Unfortunately, there are a few downsides to this unstructured style. For one thing, Wick clearly favors some of the houses more than others, especially the house of Shara, his favorite example character, the Fox. The Fox receive the lion’s share of attention in the book. Though they don’t receive any mechanical advantages because of this focus, mechanics in the game are so loose that it hardly matters. Houses of the Blooded is all about setting and feel and the Fox get this in spades while other houses are relegated to the back burner. In a game that focuses on flavor so much it seems that all this attention is an advantage. One of the earliest examples of this is in the discussion of the sacred animals that each of the Houses associates itself with. The Ven names for a few of these animals are provided while others are not. A small issue, admittedly, but for a game so steeped in bits of Ven lore, it seems strange and somehow unfair for such an important thing to be missing for some of the houses but available for the others.
Another part of John Wick’s style is that he has designed his game so that what is important to the characters is important in the game. Revenge and Romance are, arguably, the two most important things to a Ven. Instead of just mentioning this as portions of the combat section of the game and social interaction portion of the game, Revenge and Romance each get their own, extensive sections of rules and flavor text. Likewise, things like mass combat and dungeon crawling which are so prevalent in many other games, are tedious and distasteful to the Ven. As such, they hardly get a mention and very little space is wasted on discussing these topics.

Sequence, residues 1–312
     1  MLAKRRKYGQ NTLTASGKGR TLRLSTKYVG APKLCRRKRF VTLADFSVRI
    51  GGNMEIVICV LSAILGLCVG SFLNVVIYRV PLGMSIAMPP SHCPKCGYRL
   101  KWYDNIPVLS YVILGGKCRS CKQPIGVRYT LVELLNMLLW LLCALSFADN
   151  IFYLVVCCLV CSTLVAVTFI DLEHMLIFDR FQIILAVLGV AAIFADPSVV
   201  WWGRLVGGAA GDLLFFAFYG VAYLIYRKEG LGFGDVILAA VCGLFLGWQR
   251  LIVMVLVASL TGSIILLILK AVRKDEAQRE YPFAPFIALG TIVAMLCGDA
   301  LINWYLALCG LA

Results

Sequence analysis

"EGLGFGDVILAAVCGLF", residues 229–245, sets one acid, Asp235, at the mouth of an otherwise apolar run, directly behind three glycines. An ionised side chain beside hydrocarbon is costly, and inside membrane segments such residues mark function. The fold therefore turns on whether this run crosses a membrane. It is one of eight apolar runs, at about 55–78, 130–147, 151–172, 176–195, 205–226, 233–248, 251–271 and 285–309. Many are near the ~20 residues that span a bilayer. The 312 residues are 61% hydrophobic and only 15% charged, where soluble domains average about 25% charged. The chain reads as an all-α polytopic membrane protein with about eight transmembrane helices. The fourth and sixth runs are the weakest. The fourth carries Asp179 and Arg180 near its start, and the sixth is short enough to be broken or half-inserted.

Seasons. The game within the game. If I was John Wick, that would have some elegant double meaning (and more words would be capitalized,) but I’m just talking about the domain management system of Houses of the Blooded. Although “just” is a bit unfair when describing Seasons. Because every character in Houses of the Blooded is a noble and thus has lands to deal with and manage, a domain management system is required. This one is, undoubtedly, the best domain management system that I’ve seen in a role playing game. It could, in fact, be a game in and of itself. Although it wouldn’t involve much role-playing, I could easily spend a few hours just watching and managing a domain as it grows and expands (or withers and dies either possibility seems likely.) It strikes a perfect balance between being just generic enough that it doesn’t get bogged down in its own details and being complex enough to hold the players’ attention enough to make them think and plan and connive to get everything done that they want to get done. It’s also the only way for a character to get better. Unlike essentially any game I’ve ever played, character advancement in Houses of the Blooded has nothing to do with how many enemies you kill, how many times you use a skill or how many damsels you save from distress. Instead, as part of your actions during the Seasons portion of the game, you may invest some of your time and effort in increasing one of your Virtues, gaining a new Aspect or learning a new Maneuver for combat. Thus, a character that does nothing remarkable at all during the adventure portions of the game could become better than the character that does everything remarkable if he spends his Season actions properly. Of course, while a character is dedicating time to bettering himself, he is not paying attention to his holdings and they suffer for it while another player may not dedicate any time to himself and make his domain better. In Seasons like every other portion of this game everything you get comes at the price of letting something else slip.